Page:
Now when soloing, you want to build energy to a climax and then release that energy and start over. So in order to build energy:
-Repeat phrases and/or just repeat notes.
-Play ideas that ascend.
-Constantly switch directions up and down.
-Play busier which means faster and/or with less space.
-Play louder and crescendo.
-Play long intense notes.
-Bend notes (sometimes via grace notes for some instruments)
Now in order release energy:
-Play descending ideas.
-Play slower and with more space between phrases.
-Play long relaxing notes.
-Don't play anything.
When stringing phrases together, sometimes it is good to play contrasting concepts such as playing a couple short phrases followed by a long phrase or playing something really loud and then really soft, or playing something fast and crazy and then play something slow and more relaxed. This is where your artistic individualism can shine. (bold not in original)
Oxford Living dictionary defines a phrase in natural languages as “a small group of words standing together as a conceptual unit, typically forming a component of a clause,” then continues with the definition of a musical phrase as “a group of notes forming a distinct unit within a longer passage.”
Why the Language of Jazz is Not a Language Like English
Is jazz knowledge at the performance level in fact a language in the same sense as English or Chinese is a language? See MetaA6. Objections to jazz having or being a language in Ontology:Metaphysics for more discussion on this specific topic.
The basic conception of what constitutes language is that it is a formal system of signs or symbols governed by grammatical rules of combination to communicate meaning.
Does music have signs or symbols that are governed by grammatical rules to communicate meaning?
Reasons Why Jazz Satisfies the Definition of Language
To satisfy this definition of Language jazz must meet the various requirements of the definition. Jazz would need to have signs or symbols, these symbols need to be governed by rules, and the resulting symbolic constructions that follow the rules need to create meaning.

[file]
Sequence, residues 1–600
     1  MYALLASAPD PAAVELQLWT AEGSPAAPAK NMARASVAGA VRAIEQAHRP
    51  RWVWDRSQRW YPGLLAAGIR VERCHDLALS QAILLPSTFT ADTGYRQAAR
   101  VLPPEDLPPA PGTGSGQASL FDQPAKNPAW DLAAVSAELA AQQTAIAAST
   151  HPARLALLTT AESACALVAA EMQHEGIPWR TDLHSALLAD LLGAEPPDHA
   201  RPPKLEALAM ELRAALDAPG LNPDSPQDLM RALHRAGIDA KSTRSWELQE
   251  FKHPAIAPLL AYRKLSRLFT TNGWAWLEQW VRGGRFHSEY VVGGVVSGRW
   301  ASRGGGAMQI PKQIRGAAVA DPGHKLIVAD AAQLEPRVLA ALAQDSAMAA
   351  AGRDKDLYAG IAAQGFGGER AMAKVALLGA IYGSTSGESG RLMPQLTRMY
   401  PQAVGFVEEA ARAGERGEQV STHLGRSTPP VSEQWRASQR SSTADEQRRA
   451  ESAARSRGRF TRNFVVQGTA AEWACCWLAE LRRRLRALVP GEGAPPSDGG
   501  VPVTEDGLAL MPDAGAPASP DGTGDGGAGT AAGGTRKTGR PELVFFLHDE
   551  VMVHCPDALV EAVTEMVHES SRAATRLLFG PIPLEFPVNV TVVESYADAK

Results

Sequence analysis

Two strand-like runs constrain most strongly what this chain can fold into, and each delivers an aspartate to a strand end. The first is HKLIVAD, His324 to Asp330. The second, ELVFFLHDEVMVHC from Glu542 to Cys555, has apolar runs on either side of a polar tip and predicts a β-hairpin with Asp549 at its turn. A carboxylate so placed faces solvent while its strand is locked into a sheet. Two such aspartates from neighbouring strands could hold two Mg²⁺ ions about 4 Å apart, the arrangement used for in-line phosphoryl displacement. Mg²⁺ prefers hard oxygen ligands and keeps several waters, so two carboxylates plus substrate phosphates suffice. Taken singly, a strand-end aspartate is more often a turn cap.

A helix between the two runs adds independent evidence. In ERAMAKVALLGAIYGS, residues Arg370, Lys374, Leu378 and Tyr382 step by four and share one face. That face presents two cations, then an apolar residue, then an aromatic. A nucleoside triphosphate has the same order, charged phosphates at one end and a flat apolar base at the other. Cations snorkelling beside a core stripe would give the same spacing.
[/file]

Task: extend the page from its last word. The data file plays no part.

What are signs or symbols in instrumental jazz?
The symbols in jazz could be notes, musical phrases, even melodies.
Wikipedia on Semiotics, which is the study of signs, explains how semiotics is a broader science than linguistics (the study of language) because:Semiotics differs from linguistics in that it generalizes the definition of a sign to encompass signs in any medium or sensory modality. Thus it broadens the range of sign systems and sign relations and extends the definition of language in what amounts to its widest analogical or metaphorical sense."
Were musical components to function as signs then they would fall within the domain of semiotics because music qualifies as a sensory modality when perceived.
Wikipedia characterizes a sign as:something that can be interpreted as having a meaning, which is something other than itself, and which is therefore able to communicate information to the one interpreting or decoding the sign. Signs can work through any of the senses, visual, auditory, tactile, olfactory or taste, and their meaning can be intentional such as a word uttered with a specific meaning, or unintentional such as a symptom being a sign of a particular medical condition.
Another feature of Language is that it be rule governed.
What is a rule? What is it like to follow a rule?
Reasons Why Jazz Cannot Satisfy the Definition of Language
Internet Resources on Language and Jazz
- Cambridge Advanced Learner‘s Dictionary. Cambridge: Cambridge University Press. Dictionary online. Available at metalanguage . Internet. Retrieved 20 November 2010.
- The Jazz Resource's "Playing the Blues Scale," paragraphs 6-9.